How This VR Tool Can Help Surgeons and Transform Lives
EchoPixel and HP technology allows medical images to be seen and “felt” in new dimensions.
Tech-savvy consumers who have been following the developments of virtual reality technology are likely familiar with the immersive gaming experience using VR devices such as Oculus Rift,Samsung Gear VR, and Google Cardboard. However, these devices use headgear that has limited application when it comes to being used by clinicians.
But technology innovators, including HP and partner EchoPixel, see a broader future for VR applications, such as those that enhance the lives of people during healthcare treatments. A leading example of this is True 3D — a powerful tool that has gained FDA approval for certain applications. True 3D allows doctors to better analyze medical images, more accurately diagnose patients, and assist in the planning of complex surgical procedures.
EchoPixel True 3D Virtual Reality Solution, which is powered by HP, has been on the market since March 2015 but the FDA’s nod allows the system to now turn the corner on market acceleration by making the solution usable for diagnostic and planning purposes.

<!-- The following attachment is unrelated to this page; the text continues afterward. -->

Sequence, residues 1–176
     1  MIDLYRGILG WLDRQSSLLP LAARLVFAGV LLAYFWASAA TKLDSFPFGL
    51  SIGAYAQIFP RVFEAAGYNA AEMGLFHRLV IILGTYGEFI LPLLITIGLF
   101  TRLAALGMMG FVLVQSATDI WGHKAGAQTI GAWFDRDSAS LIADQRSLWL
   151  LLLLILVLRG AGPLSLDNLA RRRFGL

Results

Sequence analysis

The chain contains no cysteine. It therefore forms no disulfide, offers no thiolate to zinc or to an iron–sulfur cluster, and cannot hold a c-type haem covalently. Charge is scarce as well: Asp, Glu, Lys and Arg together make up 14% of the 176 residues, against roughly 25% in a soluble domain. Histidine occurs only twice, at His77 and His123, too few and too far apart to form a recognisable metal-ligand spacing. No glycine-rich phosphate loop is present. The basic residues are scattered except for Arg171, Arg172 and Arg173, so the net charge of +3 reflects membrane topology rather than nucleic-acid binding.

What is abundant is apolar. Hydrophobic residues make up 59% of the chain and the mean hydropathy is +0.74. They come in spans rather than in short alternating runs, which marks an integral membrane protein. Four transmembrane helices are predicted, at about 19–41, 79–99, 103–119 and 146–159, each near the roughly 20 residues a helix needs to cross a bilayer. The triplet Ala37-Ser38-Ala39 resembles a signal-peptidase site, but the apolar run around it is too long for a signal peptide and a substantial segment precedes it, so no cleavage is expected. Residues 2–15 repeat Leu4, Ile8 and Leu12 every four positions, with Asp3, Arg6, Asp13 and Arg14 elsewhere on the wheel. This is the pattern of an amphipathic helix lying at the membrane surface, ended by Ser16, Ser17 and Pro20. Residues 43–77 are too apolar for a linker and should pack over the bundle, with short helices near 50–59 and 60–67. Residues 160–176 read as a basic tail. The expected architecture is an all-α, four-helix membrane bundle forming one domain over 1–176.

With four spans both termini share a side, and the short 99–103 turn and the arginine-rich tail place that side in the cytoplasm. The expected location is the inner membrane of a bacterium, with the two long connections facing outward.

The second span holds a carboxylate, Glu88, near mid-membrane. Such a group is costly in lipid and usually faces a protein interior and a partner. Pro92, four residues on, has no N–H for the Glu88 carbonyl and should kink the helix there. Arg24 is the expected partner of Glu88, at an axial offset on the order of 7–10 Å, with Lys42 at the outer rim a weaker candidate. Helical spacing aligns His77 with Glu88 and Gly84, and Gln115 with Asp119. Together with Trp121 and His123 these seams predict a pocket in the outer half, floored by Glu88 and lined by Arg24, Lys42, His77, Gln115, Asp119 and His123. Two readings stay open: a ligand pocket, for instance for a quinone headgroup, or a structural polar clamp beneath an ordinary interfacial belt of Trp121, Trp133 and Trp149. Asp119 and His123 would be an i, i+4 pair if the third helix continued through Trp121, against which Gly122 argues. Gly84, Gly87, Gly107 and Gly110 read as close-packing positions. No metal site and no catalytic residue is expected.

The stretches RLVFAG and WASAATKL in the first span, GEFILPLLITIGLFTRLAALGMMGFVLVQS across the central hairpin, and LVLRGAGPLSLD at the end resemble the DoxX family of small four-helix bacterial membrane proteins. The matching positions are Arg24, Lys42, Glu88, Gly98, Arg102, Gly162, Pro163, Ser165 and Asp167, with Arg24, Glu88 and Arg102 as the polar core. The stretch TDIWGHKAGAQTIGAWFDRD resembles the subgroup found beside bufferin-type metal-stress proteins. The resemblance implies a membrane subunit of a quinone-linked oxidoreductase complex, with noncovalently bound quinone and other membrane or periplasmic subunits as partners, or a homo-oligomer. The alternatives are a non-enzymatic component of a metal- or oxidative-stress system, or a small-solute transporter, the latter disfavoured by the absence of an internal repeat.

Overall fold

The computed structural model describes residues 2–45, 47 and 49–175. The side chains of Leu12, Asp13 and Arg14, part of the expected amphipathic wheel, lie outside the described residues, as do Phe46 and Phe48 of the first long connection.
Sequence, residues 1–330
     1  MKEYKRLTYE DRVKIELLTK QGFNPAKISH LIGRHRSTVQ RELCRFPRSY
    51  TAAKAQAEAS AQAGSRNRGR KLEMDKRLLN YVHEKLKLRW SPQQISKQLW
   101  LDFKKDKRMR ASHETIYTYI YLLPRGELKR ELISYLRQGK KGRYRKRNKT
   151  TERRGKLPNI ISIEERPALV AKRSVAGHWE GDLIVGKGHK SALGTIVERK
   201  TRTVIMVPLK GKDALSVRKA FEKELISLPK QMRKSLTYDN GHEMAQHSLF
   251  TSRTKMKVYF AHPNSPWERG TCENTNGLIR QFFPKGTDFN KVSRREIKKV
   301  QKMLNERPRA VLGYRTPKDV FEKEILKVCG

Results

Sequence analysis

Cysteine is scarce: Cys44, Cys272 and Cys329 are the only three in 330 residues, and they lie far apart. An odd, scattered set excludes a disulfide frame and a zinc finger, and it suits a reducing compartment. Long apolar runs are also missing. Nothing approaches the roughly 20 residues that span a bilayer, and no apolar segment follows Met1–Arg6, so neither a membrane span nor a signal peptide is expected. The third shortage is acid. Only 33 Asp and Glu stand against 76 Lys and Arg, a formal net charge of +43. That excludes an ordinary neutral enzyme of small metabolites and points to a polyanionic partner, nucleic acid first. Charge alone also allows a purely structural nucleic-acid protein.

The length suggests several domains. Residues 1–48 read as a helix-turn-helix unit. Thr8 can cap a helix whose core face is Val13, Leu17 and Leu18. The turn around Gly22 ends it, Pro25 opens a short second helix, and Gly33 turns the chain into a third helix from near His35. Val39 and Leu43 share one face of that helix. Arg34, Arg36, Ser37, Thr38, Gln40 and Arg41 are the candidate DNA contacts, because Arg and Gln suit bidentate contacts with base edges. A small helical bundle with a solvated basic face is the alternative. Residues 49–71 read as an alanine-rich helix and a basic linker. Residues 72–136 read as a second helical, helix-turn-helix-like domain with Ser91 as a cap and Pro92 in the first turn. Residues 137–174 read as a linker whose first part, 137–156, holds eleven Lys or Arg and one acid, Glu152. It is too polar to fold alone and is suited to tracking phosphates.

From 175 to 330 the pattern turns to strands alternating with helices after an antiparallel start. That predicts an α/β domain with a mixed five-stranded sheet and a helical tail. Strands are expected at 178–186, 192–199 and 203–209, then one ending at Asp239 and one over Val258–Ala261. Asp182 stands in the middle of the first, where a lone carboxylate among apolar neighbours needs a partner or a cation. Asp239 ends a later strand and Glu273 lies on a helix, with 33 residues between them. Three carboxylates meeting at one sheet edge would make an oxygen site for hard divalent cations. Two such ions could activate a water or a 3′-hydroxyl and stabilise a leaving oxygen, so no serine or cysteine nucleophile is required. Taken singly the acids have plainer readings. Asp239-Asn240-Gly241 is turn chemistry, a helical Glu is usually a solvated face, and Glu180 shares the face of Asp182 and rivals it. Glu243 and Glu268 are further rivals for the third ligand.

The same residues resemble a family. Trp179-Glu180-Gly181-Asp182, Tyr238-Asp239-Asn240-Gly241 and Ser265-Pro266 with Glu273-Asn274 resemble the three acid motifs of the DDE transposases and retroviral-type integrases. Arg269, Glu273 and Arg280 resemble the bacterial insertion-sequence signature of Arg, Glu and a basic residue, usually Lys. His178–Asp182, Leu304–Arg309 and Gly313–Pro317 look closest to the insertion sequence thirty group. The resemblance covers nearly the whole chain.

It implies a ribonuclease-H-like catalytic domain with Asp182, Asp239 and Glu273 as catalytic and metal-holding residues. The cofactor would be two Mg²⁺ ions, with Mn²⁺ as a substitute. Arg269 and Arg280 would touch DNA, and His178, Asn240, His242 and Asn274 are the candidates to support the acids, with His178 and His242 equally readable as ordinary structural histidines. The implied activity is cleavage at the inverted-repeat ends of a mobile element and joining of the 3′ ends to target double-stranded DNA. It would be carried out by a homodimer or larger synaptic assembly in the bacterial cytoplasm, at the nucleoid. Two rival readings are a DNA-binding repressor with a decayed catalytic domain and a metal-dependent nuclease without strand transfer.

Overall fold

By applying the True 3D technology, physicians can interact with medical images the same way they would with real physical objects, enabling radiologists, cardiologists, and many other medical professionals to see patient-specific anatomy in an open 3D space.
“By working with valued partners like EchoPixel and leveraging emerging technologies like virtual reality, we can rethink how technology can blend the physical and digital worlds to improve the realm of healthcare,” said Reid Oakes, senior director of Worldwide Healthcare at HP.
The technology is already being used in clinical, educational, and research settings.
The True 3D tool comes to life with HP’s Zvr display, powered by zSpace Inc.’s technology, and the HP Z440 Workstation. The power of these tools together in one VR tool enables physicians to visualize and interact with 3D holographs of organs and tissue.
The system works by using four cameras to track the user’s head movements, glasses to turn images into 3D visuals, and a hand-directed stylus that allow users to move and interact with objects in real time.
“The technology has the power to transform lives,” said Oakes.
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